In the aftermath of a double-overtime loss pulled from the gaping maw of victory, a strange reaction overtook Georgia Tech on Monday night/Tuesday morning.
It showed mostly on the faces of those Yellow Jackets who practice the art of offense as per the Paul Johnson school.
Not dejection, even with the 42-41 overtime loss so fresh it still oozed blood.
Not anger after having run wild on the new Mercedes-Benz Stadium carpet, producing 655 yards of offense, and still having nothing but a season’s first loss to show for it.
Not crushed by the thought that Tech’s obvious scheme to infiltrate, then rule, the SEC East like some super virus had run into a real complication. Johnson’s three-game winning streak against the East was finished, if ever so merely.
Not even irritated by one last chorus of “Rocky Top” ringing in their ears, adding to the insult of this loss. But to the victor goes the soundtrack of the night.
No, it was more hopeful than any of that. Bordering on optimism, almost.
I’ve seen Johnson after a loss that churned his guts. This wasn’t exactly that Paul Johnson. Certainly, he was disturbed by his defense – and had arrived at the point of trying to take it completely out of the equation – rightfully I’d say – by going for two in the second overtime. But he’s always disturbed by his defense.
His offense had performed marvelously here on the stage of the second biggest college game ever played at The Benz (OK, the second college game, period). And, if not for the second of two fumbles that denied Tech its due, this could have been one of the coach’s greatest nights. The worst flashback Johnson will suffer won’t even be his bold two-point conversion being snuffed. It will have to be the memory of J.J. Green rushing downfield late in the fourth, the whole of a great victory spreading out before him, only to have the ball poked free by a trailing Rashaan Gaulden.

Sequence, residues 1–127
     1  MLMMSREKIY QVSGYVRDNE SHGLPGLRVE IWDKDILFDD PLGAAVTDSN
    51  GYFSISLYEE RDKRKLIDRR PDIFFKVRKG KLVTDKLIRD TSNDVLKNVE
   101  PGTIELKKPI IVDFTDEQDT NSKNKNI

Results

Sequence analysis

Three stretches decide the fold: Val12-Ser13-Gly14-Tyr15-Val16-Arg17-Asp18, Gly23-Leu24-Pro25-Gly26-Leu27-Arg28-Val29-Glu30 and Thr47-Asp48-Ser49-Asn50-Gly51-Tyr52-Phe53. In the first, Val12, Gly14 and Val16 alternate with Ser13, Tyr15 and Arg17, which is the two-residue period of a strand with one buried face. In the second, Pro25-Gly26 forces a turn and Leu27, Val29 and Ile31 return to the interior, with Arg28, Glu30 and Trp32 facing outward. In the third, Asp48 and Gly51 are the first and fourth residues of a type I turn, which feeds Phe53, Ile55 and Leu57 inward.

Even with all that, with the entire conference schedule yet to unfold, Johnson pointed out, “This doesn’t do anything to your goals other than it’s a game that we should have won, and we didn’t.”
Johnson had picked out his quarterback weeks ago yet kept to himself. But, then, every coach now puts out a depth chart that seems to be authored by P.D. James, a deep and riveting mystery. His choice, this TaQuon Marshall, lit up The Benz like a one-man halo board. The only time Tennessee caught up to him was on the night’s final play.
The realization that they had just thrown out a quarterback who on his first start set a positional record for rushing yards (249) and an overall record for rushing touchdowns (five) seemed to salve a lot of pain.
The players chosen to face the media did not trudge to the podium as if the gallows awaited, such a common sight on the losing side.
Guard Parker Braun was smiling openly as he gave his testimony to the media, like someone who saw beyond the immediate and rather enjoyed the view.
“We did exactly what we wanted to do offensively,” he said. “We just had a few missteps and a few lost possessions and things like that that lost the game for us.
“It’s frustrating, but you got to take the positives. The one positive was our offense ran really well tonight, and hopefully we can turn that into some success moving on.”
A debut such as Marshall’s can’t be hidden behind a veil of disappointment over one game. He was quicksilver this night. Although if he keeps carrying the ball 44 times a game, he’s going to be 5-foot-2 by October.
“I think I’ll be able to bounce back pretty quick. Hydrate good, eat right, go to treatment. I think I’ll be fine by Saturday,” Marshall said, proving himself a willing worker and an amateur athletic trainer.
No, the quarterback was not torn to pieces by one grating loss.
“I really wish the results would have been different. You can’t change that. I got to put it behind me and come back next week – this week – ready to work. I’m going to bring the guys on board with me, lead them. We’re going to be ready to play Saturday.”
Who was going to argue with him after the night he had?